Tomorrow: Germanwings.

Cheers,

Senoritaburrito

The most important thing to consider before purchasing a Eurail pass is how long you’re staying in Europe and what your itinerary looks like.

If you haven’t come across a Eurail pass before, it’s basically a prepaid train pass for train travel in most countries in Europe.  Their website is http://www.eurail.com/eurail_home.

Of course it’s not always that simple.  The U.K. does not use the Eurail pass.  They have their own train pass, called the Britrail, but if you’re traveling there it’s probably more economical to take their bus service.

Back to Eurail passes.  There are a multitude of different plans that you can buy.  For instance, the one I’m most interested in is the global pass, which gives me access to up to twenty European countries and from ten days to three months of travel.

I’m planning on going for eight weeks, through at least six countries…so I want a pass that will do all that.  I will probably want at least ten days of travel, and so I’ll probably choose the Global Pass with ten days of travel in two months for 387 euros plus ten euros for the pass security.  ($625.02 in U.S. dollars.)  This is for the Youth second-class (people under twenty-five).  If you want first class you’re going to pay more.

For a trip that involves a lot of train travel, or a short trip, it may be cheaper to buy individual tickets, though.  The Eurail pass does not mean you can just hop on a train whenever you want for free.  You usually have to reserve a spot beforehand and on some high-speed trains there is a supplement.  On the other hand, the Eurail pass can entitle you to discounts on other modes of transportation, like ferries and buses.

Also before you buy your Eurail pass remember that short flights in Europe can be extraordinarily cheap.  Ryanair, for example, offers flights as low as five euros.  Of course, their destinations are limited and so are the times when the extremely cheap flights are offered.  I searched for a flight from Paris to Rome (there weren’t many destinations available) for June 21 and came up with a price of 29.99 EUR.  A train ticket for the same would cost 187 US.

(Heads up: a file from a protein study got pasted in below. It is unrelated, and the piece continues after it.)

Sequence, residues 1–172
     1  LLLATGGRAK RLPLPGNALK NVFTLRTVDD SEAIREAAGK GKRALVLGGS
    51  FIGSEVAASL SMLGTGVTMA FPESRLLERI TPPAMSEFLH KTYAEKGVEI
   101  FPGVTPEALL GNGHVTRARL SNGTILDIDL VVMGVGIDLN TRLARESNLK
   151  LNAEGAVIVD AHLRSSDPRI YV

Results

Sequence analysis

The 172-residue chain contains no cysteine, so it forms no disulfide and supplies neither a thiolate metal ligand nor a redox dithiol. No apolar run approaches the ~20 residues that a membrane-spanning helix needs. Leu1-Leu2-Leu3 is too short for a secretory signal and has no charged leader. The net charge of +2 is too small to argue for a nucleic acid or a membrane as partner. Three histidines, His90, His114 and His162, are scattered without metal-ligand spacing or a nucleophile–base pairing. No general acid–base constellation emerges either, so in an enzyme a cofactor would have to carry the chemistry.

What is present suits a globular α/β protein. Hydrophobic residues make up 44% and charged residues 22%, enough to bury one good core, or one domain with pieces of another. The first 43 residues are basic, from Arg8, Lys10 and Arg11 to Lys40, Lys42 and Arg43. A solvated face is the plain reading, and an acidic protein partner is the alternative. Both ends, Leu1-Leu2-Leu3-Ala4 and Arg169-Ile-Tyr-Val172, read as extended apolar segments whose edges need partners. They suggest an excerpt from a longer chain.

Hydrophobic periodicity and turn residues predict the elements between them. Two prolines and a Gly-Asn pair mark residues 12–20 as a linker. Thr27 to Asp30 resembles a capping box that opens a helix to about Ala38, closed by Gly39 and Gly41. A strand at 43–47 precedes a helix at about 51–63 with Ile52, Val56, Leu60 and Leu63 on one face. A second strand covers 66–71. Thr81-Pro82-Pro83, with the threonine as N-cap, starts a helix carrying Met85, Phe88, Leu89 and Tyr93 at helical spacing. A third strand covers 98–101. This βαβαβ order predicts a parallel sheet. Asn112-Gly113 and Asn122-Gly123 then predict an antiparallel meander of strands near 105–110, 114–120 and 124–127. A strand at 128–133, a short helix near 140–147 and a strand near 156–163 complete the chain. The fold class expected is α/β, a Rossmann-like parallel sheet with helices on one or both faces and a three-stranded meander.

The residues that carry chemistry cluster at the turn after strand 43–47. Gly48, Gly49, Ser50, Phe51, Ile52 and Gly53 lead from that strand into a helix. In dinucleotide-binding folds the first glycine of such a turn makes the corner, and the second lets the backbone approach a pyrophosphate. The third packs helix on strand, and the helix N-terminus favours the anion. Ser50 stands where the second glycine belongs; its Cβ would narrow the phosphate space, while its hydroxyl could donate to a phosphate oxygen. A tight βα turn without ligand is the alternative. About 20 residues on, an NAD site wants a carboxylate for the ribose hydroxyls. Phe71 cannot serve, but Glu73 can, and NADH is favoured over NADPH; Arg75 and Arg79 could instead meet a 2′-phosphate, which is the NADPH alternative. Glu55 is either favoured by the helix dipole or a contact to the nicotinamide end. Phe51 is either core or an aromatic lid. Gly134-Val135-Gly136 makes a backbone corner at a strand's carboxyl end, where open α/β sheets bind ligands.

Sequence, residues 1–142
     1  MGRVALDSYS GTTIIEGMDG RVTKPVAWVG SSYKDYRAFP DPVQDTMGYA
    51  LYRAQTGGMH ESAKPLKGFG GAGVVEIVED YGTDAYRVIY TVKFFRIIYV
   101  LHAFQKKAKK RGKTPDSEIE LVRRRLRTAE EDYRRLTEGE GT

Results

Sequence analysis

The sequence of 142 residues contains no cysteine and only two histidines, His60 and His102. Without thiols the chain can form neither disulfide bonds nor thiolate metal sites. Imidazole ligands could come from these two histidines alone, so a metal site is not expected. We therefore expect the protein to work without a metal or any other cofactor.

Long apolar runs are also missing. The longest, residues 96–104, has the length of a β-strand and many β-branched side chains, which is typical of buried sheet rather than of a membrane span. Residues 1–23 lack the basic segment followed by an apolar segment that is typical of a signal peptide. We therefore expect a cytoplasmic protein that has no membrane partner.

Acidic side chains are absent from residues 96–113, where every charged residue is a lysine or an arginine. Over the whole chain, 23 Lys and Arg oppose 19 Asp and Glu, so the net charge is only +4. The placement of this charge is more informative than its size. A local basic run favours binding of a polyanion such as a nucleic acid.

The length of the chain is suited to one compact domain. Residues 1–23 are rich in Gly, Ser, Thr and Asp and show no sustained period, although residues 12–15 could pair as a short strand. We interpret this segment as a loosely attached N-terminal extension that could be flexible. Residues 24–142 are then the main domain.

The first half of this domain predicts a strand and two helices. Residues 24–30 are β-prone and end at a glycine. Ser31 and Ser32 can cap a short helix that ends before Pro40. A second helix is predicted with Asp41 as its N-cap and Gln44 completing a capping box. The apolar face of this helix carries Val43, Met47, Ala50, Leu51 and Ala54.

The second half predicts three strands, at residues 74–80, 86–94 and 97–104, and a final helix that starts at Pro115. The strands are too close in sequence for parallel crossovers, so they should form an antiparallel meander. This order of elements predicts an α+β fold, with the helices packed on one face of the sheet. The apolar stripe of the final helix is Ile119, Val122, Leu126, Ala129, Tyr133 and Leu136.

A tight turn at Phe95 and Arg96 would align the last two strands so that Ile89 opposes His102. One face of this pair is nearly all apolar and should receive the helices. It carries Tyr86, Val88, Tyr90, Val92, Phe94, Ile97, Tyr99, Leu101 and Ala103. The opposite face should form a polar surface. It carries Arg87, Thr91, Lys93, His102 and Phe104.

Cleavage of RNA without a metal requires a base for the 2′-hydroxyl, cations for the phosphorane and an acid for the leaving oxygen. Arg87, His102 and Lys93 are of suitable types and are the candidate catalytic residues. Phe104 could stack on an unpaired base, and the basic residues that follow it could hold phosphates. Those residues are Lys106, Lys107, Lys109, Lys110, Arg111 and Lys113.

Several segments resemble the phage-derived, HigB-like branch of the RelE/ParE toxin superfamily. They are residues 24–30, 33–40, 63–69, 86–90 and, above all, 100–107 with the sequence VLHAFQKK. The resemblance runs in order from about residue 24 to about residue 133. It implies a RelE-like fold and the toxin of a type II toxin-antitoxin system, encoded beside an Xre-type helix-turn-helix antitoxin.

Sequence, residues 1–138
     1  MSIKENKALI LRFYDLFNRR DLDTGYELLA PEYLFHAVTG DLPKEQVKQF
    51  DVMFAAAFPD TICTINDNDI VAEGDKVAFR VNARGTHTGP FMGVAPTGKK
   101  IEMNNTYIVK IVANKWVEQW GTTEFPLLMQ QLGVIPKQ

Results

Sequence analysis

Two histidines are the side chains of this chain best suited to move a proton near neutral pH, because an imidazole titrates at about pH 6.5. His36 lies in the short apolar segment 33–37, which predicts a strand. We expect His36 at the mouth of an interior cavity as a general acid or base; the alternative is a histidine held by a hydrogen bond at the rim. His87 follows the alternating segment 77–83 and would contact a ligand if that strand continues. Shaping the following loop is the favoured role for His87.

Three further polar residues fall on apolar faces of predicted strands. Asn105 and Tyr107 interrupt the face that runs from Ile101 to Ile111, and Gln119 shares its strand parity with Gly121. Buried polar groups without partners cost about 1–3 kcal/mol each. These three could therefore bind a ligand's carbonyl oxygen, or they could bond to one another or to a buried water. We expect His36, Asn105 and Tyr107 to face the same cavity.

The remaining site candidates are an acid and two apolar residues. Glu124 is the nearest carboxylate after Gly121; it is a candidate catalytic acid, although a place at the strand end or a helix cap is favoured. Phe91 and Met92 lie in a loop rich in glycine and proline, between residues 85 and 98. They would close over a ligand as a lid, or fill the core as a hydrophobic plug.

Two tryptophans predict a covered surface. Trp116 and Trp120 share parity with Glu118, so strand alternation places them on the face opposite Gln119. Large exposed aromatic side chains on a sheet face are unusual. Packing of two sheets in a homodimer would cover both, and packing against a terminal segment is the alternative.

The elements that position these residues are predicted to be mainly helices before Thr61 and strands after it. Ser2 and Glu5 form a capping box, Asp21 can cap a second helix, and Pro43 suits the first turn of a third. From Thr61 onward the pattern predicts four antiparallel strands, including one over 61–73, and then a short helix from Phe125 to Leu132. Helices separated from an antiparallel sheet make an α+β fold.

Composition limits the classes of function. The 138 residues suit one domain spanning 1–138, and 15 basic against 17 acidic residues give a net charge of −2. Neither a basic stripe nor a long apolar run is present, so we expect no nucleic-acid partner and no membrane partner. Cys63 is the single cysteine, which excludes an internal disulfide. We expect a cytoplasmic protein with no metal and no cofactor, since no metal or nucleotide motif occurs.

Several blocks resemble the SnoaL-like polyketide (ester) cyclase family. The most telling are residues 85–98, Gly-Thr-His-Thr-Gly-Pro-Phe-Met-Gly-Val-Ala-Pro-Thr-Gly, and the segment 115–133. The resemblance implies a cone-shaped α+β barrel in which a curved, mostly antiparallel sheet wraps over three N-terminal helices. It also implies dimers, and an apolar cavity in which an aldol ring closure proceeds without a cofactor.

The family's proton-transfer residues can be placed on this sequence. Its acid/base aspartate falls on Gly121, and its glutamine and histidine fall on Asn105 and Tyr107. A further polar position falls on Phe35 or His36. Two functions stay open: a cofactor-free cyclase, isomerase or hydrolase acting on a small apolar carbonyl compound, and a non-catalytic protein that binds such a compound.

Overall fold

You really need to take into consideration the duration of your stay, your budget, the amount of traveling that you will be doing, and the countries that you will be visiting.  These all factor into how much money a Eurail pass can save you.  If you’re only doing one or two long-distance journeys then you should look at discount airlines and individual train tickets to see if they will cost you less than a pass.  On trips where you are going to multiple destinations in mainland Europe, definitely look into a Eurail pass.  It can save you a ton of money.

To further flesh out my example, let’s say that I was going to go from Paris-Brussels-Berlin-Vienna-Zagreb-Venice-Bern in June and July, peak months.  Individual tickets would cost, respectively, (for second restricted class in US dollars where available, all leaving in the evening to save on lodging) $43–$145–$297–$119–$75–$126.   Totaled up, that’s $805.  With the Eurail Global pass, you’re spending $180 less, plus you still have three more travel days to use.  That’s a significant savings, as well as getting discounts on other things.

The best way to find out what is the most economical is to do your own research and find out where you’re traveling and what individual tickets cost.  You can do this by going to http://www.raileurope.com for train tickets or for discount plane tickets, http://www.ryanair.com/site/EN/.  There are other discount airlines too, but generally even the cheapest plane tickets will cost more, and another point to air travel is the amount of security and lines that you have to go through, not to mention frequent delays.

Just take all these things in to consideration and make sure you do your own research before you go.  That’s really the thing.  You can’t just rely on someone else to tell you everything–go look it up yourself.  You’ll find the best information.

Good luck with your travel plans, and if there’s anything I can help you with, feel free to contact me!